Meg’s Garden Spring Pastels Collection – a winter scene

I started out with the idea of making a Christmas card, but I think this card could be a card for all occasions.


I cut black cardstock to 5 1/2″ x 10″ to make a 5 1/2″ x 5″ card base.  I layered this with a piece of Meg’s Garden spring pastels collection paper. The paper I chose has soft blues and greys and features branches without leaves, so it made a perfect winter backdrop for the grouping of birds. I used a snow marker on some of the branches on the paper, and dotted snow around the outer edges.

The birds were fussy cut from the same Spring Pastels Collection as my previous post, I think you’ll agree they make a cute focal point for this card.


My bird group is popped up on foam squares to add dimension to the layout. This is difficult to photograph so you will need to trust me on this.

I think the little ribbon banner draped back and forth across the card is my favourite part, I cut along one edge of the Flower Edge Organza Ribbon to make the banner. Finally a thin grey/pink organza ribbon bow was added to the left hand side to finish.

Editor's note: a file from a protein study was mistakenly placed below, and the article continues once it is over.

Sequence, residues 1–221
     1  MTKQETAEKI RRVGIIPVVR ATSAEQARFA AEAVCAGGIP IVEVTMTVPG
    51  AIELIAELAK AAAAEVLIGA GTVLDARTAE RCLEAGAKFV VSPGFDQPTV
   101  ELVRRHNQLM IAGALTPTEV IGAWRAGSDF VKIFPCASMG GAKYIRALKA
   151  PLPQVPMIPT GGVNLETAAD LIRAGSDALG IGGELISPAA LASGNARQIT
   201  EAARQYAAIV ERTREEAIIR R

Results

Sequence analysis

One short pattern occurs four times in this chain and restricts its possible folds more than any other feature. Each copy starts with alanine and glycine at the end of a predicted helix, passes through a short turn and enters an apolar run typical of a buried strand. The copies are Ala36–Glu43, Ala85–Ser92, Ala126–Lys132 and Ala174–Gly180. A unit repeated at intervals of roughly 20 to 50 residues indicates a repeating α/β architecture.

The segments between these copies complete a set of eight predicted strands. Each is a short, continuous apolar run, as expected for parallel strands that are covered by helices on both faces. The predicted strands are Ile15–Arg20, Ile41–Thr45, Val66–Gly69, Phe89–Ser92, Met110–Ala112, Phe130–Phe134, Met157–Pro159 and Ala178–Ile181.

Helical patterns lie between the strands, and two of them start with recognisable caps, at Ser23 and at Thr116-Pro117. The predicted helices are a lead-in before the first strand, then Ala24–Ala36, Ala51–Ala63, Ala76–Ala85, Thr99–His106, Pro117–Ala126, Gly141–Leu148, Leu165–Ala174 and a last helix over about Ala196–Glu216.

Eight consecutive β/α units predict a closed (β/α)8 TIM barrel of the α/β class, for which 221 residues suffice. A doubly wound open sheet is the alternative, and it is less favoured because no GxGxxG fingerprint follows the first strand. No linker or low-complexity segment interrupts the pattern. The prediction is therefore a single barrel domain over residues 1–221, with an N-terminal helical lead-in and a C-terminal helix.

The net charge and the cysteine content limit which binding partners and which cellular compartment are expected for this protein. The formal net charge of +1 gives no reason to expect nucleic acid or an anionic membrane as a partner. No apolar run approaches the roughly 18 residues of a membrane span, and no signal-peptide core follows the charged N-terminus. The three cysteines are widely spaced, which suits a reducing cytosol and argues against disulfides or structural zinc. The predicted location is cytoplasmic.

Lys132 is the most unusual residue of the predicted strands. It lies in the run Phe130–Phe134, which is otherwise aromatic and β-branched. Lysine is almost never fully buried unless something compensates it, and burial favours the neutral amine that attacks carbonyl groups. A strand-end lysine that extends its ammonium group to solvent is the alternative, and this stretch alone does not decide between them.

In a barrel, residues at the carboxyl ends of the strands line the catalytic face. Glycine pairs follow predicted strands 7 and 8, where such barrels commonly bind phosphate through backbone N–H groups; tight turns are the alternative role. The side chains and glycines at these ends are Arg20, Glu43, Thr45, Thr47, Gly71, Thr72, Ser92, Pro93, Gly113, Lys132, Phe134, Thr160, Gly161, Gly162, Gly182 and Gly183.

I invite you to take a tour of  Meg’s Garden and see for yourself this beautiful and versatile paper collection, ribbon embellishments and much more here

From Meg’s Garden:

  • Spring Pastels Collection Paper
  • Bird group cut from same paper collection
  • Flower Edge Organza ribbon
  • 1/8″ Organza ribbon grey/pink
other items from personal collection 

Your visits are appreciated and your comments are welcome.

8 thoughts on “Meg’s Garden Spring Pastels Collection – a winter scene

  1. Wow your cards are amazingly beautiful! The banner is my favorite part too! But I do love that you chose the pink ribbon along the side to pull the pink that’s reflected near the branches around the birds and off of one of the birds too. Yes I agree that this is an all-occasion card!! Gorgeous.
    What does “fussy cut” mean?


  2. Thank you Deb, you are very kind. Fussy Cutting is when you take an image that is usually part of a larger piece and cut intricately around it. The birds were from a cut apart page of images and I chose to cut fairly close to the image in this case. When I do this I usually sponge the edges so that the image appears to stand alone (I don’t like the white edge that cutting leaves behind). Barbara.


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